Encounter With Maximon
While investigating Guatemala’s folk-magic patron saint of thieves and whores, James Marriott made a serious mistake. Illustration by John Coulthart.
Originally published in Arthur No. 8 (Jan 2004)
The first children I asked to show me the way to the house of Maximon, Guatemala’s ‘evil saint’, turned tail and fled. The next boy I approached was unable to escape, hobbled by a pair of oversized rubber boots, and pointed me in the right direction. The building wasn’t much to look out—unpainted concrete blocks with a corrugated iron roof—but once I was in I knew I’d come to the right place.
Maximon sat at one end of a dark room, the life-sized dummy of a moustachioed white man wearing a suit, sunglasses, a felt hat and a silk scarf, with a garish handkerchief over his mouth. Candles were arrayed before him, and towards the entrance, at the opposite end of the room, tarot and palm readings were taking place. Another doorway led through to a courtyard, beyond which was a shop selling cigars, magical potions, herbs, candles and anything else the devotee might need.
There was a fire in the courtyard, around which a Mayan woman with gold teeth, a ladino woman and two boys of around six hyperventilated on huge cigars, working themselves into a sweat. The Mayan woman offered to read my palm. When I foolishly declined, she shrieked with laughter and returned to the serious business of her cigar. The ladino woman didn’t even look at me—Maximon is the patron saint of thieves and prostitutes, but I couldn’t very well ask her if either of these applied—and when the nicotine-crazed boys started to run around my legs, I went back into the main room to take a seat at the back and make myself as inconspicuous as possible.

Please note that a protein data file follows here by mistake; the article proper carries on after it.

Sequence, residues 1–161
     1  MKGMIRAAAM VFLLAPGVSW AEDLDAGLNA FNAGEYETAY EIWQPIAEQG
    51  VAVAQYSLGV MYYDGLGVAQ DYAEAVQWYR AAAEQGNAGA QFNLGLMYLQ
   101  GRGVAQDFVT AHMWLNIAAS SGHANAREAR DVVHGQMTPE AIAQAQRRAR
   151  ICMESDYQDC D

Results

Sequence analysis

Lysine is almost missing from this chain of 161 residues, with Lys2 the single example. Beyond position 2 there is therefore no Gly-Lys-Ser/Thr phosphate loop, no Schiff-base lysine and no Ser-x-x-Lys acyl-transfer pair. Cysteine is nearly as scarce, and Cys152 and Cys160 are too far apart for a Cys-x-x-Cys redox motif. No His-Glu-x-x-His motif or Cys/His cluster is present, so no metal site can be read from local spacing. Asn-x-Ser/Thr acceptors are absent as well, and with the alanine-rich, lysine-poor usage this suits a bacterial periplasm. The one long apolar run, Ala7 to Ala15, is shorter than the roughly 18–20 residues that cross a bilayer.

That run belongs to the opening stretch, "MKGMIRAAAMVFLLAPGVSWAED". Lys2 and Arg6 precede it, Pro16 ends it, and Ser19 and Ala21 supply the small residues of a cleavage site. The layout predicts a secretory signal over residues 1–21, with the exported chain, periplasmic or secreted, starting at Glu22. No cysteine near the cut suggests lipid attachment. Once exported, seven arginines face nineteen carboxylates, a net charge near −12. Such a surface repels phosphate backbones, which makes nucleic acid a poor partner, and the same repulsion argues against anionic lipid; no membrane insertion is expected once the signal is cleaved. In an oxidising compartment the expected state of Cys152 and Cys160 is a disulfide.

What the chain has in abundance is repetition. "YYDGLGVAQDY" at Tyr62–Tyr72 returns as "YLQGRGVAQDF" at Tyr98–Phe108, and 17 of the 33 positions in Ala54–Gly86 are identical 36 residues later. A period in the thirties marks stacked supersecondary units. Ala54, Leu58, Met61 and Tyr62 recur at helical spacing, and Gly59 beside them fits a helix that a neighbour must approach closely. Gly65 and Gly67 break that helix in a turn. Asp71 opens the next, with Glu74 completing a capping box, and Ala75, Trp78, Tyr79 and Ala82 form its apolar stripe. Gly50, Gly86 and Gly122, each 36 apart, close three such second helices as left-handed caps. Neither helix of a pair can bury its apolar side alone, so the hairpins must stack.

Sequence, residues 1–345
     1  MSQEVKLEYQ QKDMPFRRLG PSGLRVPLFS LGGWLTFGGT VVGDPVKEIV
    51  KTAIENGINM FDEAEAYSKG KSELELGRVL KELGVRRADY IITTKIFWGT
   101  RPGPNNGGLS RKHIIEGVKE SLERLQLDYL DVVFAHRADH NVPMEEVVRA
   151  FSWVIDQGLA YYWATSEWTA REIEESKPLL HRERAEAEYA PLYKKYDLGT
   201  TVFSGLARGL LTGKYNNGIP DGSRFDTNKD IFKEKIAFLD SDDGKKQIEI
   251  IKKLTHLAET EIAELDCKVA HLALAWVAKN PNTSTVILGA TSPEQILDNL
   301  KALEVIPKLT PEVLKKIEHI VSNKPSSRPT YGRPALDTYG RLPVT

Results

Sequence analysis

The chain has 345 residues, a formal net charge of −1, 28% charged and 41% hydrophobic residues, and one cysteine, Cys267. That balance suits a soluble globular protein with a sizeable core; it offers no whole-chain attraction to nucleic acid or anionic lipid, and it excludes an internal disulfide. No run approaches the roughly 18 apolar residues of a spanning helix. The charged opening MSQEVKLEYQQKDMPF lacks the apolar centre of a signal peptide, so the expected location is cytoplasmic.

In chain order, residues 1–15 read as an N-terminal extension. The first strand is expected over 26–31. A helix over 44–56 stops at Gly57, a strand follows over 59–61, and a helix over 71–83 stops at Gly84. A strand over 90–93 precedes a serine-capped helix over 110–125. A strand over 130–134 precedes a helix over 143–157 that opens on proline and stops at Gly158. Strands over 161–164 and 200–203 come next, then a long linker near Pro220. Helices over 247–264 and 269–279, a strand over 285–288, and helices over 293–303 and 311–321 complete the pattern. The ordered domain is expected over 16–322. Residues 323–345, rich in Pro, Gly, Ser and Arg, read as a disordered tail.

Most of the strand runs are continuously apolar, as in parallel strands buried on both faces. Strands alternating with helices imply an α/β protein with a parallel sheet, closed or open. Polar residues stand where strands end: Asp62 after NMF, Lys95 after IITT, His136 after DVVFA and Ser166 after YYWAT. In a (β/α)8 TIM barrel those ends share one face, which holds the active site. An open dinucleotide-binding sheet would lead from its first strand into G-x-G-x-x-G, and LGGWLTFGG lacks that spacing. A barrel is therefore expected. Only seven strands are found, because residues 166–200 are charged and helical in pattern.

New arrivals would walk straight past the tarot readers and into the courtyard, where they consulted with the Mayan woman before puffing on cigars and preparing themselves for a consultation with the saint. They would then approach the impassive figure and speak to him, stroking his arms and laying money and other offerings in a bowl in his lap. A smartly dressed man standing by the saint appeared to be his keeper, putting offerings of cigars in his mouth and tipping aguardiente, a fiery local spirit, down his wooden throat, or gently lashing the devotees with a bundle of herbs during a limpia, or soul cleansing.
The children came in, one looking demonic as he threatened the other with a bottle, then tied his feet together with a length of twine. The keening victim tried to hide behind me, crawling into a safe position sheltered by the gringo as the increasingly demented bully giggled and made throat-slitting gestures, the pain and anguish in his victim’s face only spurring him on to greater fury. For a terrible moment I thought that I was mistaken—they weren’t children at all, but rather stunted adults, their growth arrested by heavy nicotine use—but the pitch of the victim’s whine reassured me. As the bullying grew nastier in tone, I wondered if I should intervene, but it seemed patronizing to do anything— the only attention the other adults paid was to motion to the weaker child to be quiet. Eventually the bully left the room, and his charge fled. It seemed a fitting introduction to the world of the Judas of the Western Highlands.